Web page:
"This report definitely answers the question of the impact of DADT repeal on the military. Specifically, knowing a soldier is gay has no negative impact on readiness," said Jonathan Hopkins, former Army Captain and veteran of combat in Iraq and Afghanistan. "We've known this for a long time. Among military members who know they've served with someone gay, 92% said that repeal would have little or no negative effect on military readiness. 69% of servicemembers who responded to the survey said they served with someone they knew or suspected was gay. "This study gets to the facts, and exposes the invented argument of 'unit cohesion' as a myth," said Hopkins. "Those who've served with gay or lesbian soldiers, Marines, or servicemembers of any stripe recognize that gay troops have – as the Pentagon report says – a 'patriotic desire to serve' as well as a 'desire to fit in, coexist, and succeed in the military environment.'""I don't want any special treatment. I just want them to take the knife out of my back so I can serve," said an anonymous gay Marine on the OutServe network.Human Rights Campaign
“This issue has been studied for fifty years, including by the military itself, and the results from over twenty-two studies are uniform: open service does not harm effectiveness,” said HRC President Joe Solmonese. “The small handful of Senators blocking repeal no longer have any fig leaves behind which to hide. The time for repeal is now.” “America’s men and women in uniform are professionals who already serve with gays and lesbians and repeal will do nothing to change their dedication to protecting our nation,” said Solmonese. “Senators who said they want to hear from military leaders and troops now have their answers. Repeal of ‘Don’t Ask, Don’t Tell’ will allow every qualified man and woman to serve without sacrificing the high standards that have made our military great.”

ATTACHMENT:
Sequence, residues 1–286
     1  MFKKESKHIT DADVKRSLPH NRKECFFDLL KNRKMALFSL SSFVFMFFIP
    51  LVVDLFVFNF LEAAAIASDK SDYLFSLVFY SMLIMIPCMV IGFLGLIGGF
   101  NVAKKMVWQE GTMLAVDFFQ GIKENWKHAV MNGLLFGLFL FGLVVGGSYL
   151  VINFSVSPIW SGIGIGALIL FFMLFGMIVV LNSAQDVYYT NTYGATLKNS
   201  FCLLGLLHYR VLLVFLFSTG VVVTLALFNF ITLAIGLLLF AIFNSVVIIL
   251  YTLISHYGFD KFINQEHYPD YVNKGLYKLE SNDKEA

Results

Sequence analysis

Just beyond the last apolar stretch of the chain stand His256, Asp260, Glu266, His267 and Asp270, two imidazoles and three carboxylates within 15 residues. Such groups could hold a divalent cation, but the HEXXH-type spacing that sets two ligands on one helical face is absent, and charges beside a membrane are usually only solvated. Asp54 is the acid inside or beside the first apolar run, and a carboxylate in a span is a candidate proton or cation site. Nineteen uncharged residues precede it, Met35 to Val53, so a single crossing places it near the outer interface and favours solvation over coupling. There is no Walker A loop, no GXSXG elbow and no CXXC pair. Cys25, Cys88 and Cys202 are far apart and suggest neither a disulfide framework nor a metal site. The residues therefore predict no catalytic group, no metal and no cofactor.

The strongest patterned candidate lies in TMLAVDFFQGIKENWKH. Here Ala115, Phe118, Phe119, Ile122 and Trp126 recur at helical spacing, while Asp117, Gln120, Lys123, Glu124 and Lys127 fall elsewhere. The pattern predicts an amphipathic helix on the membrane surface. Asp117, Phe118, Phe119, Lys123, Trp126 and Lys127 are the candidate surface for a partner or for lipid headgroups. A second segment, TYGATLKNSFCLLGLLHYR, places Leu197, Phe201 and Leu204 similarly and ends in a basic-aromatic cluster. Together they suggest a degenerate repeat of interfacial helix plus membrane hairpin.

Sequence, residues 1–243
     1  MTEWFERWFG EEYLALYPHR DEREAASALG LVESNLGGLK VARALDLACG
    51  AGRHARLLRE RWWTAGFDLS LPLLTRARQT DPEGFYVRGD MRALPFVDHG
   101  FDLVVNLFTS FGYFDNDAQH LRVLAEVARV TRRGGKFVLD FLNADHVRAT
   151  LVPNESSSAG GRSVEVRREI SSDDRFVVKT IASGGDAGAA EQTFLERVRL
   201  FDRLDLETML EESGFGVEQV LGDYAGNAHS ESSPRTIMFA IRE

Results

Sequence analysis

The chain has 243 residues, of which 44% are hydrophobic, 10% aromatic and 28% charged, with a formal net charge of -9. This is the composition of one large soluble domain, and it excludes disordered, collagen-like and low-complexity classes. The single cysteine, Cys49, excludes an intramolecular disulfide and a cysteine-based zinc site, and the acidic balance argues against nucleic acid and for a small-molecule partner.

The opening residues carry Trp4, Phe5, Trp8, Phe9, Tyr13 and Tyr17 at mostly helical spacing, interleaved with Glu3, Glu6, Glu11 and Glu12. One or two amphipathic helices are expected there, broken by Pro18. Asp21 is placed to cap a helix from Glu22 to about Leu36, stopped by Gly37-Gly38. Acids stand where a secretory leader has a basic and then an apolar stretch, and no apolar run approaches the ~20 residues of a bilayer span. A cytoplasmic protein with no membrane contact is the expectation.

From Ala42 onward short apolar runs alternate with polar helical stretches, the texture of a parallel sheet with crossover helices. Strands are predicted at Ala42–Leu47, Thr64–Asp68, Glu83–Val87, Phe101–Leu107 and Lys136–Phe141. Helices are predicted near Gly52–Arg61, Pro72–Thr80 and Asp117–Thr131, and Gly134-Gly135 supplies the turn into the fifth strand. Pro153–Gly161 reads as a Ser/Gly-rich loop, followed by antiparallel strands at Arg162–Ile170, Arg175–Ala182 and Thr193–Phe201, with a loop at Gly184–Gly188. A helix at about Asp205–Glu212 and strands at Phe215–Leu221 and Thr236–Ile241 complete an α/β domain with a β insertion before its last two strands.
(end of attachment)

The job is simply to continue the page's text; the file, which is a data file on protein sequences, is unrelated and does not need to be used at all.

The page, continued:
Labels: DADT, HRC, Joe Lieberman, Kirsten Gillibrand, People For The American Way, Stonewall Democrats
The Washington Post has leaked the results of the hotly-awaited DADT survey, which is not due to be officially released until later this afternoon.
According to a survey sent to 400,000 service members, 69 percent of those responding reported that they had served with someone in their unit who they believed to be gay or lesbian. Of those who did, 92 percent stated that their unit's ability to work together was very good, good, or neither good nor poor, according to the sources. Combat units reported similar responses, with 89 percent of Army combat units and 84 percent of Marine combat units saying they had good or neutral experiences working with gays and lesbians. At the same time, the report found that 30 percent of those surveyed overall -- and between 40 and 60 percent of the Marine Corps -- either expressed concern or predicted a negative reaction if Congress were to repeal the "don't ask, don't tell" law, which allows gays and lesbians to serve in the military on the condition that they keep their sexuality a secret.It appears that a rather large percentage of soldiers (particularly Marines) have had no problem working with gay servicemembers, yet still don't want DADT to be repealed.